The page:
New details are beginning to emerge from the shootdown of a Ukrainian Boeing 737-800 by Iranian missiles in January. In a report released this week by Iran’s Civil Aviation Authority, both the flight data and voice recorders functioned for 19 more seconds after the initial missile strike. During that period, all aircraft systems reportedly were functioning normally, and the flight crew were uninjured. Six seconds later, a second missile would hit the aircraft, causing it to plummet into the ground and kill all 176 aboard.
Unanswered in the report are why the airspace around Tehran was open, why the missiles were launched, and why an airline would opt to fly in a conflict zone in the first place.
In each decade, for the past 50 years, there has been an average of around one civilian aircraft shot down, unintentionally, by military forces. In the first six months of this year, there have been two.
In addition to the downed Ukrainian 737 in January, on May 4 an African Express Embraer Brasilia, on a medical supply mission, was shot down over Somalia. Ethiopian soldiers on a peacekeeping mission “mistakenly believed the aircraft was on a suicide mission,” since they were not informed of its arrival; three crewmembers died.
Combined, these “accidental” shootdown events have killed 179 this year. In each case, a civilian aircraft was misidentified, targeted, and attacked by military forces. These inadvertent shootdown events are always fatal. Operators can no longer look at these as one-off or freak events. Civilian operators must recognize this threat and develop mitigation strategies, both for overflights and operating within a country.
Common elements during each of these events point to poorly trained soldiers operating lethal air defense systems combined with weak communications between military command and control elements and air traffic services. The latter element—communications—has historically been a major problem.
Since 1973, there have been a total of seven fatal military errors, including the two from this year, that resulted in more than 1,200 deaths. Other events include:
• February 1973: Libyan Airlines Flight 114, a Boeing 727-200, was shot down by Israeli F-4s after it became lost in bad weather, experienced flight instrument failures, and entered airspace over the then-Israeli-occupied Sinai Peninsula. A crash landing followed; 108 people perished, there were only five survivors.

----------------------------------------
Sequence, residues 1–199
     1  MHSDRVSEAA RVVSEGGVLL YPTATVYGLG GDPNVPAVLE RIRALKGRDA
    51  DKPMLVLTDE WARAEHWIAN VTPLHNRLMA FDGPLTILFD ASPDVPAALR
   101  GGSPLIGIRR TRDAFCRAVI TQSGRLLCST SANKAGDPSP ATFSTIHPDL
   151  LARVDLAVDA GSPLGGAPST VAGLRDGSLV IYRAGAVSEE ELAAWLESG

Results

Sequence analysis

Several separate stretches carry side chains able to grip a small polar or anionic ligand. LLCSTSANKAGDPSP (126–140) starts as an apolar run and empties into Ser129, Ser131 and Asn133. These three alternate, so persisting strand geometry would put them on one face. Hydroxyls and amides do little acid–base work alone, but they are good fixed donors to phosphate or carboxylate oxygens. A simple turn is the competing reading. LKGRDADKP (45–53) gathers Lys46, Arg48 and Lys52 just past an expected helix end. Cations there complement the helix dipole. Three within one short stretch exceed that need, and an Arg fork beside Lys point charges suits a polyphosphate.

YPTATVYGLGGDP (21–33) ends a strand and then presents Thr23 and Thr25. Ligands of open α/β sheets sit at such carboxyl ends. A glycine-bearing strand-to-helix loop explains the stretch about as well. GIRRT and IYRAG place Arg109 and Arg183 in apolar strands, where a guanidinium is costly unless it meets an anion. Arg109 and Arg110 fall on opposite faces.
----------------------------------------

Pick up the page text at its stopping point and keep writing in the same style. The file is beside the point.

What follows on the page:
• September 1, 1983: during the height of the Cold War, Korean Airlines Flight 007, en route from Anchorage, Alaska, to Seoul, Korea, strayed into Soviet airspace following a gross navigation error and was shot down by a Su-15 Interceptor. The Soviet Air Force misidentified the Boeing 747-200 as a USAF RC-135 (based on the Boeing 707 airframe). After being struck by an air-to-air missile, the 747 continued to fly for more than five minutes before breaking up in-flight and crashing into the sea; 269 passengers and crew were killed.
• July 1988: the U.S. Navy shot down an Iran Air Airbus A300. The crew of the USS Vincennes mistakenly believed the A300 was a hostile aircraft and launched a surface-to-air missile at the aircraft, killing all 290 people onboard.
• October 2001: a Sibir Airlines Tupolev TU-154 was shot down over the Crimean Sea when a stray missile from a nearby military exercise missed a target drone and struck the passenger jet, killing 78 people.
• July 2014: Malaysia Flight 17, a Boeing 777-200 on a scheduled flight from Amsterdam to Kuala Lumpur, was shot down over eastern Ukraine by pro-Russian Ukrainian rebels using Russian-supplied anti-aircraft missiles. All 283 passengers and 15 crewmembers died.
The number of politically volatile and hostile areas around the globe are not only growing, but ever-changing. To keep track of all the hot spots around the world, the Safe Airspace Initiative offers a free conflict zone and risk database to users. This one source provides aircraft operators all risk warnings issued about any country that is independent of any political or commercial motivation. As a planning tool, Safe Airspace has a “live risk briefing” that can be downloaded and shared as a PDF.
In one report, ICAO studied airliner shootdowns and found that a risk assessment—a tool that is already in place within an SMS—is the best approach for operators to mitigate this risk. While governments, aviation authorities, and organizations all monitor where war zones or conflict exist, it is ultimately the responsibility of the aircraft operator to determine whether it is safe to fly. This should be no different than analyzing a route, as an example, for weather or Notams related to navaid outages. Operating within or over a war zone has clearly turned out to be a failure in risk management.
Pilot, safety expert, consultant, and aviation journalist Stuart “Kipp” Lau writes about flight safety and airmanship for AIN. He can be reached at email@example.com.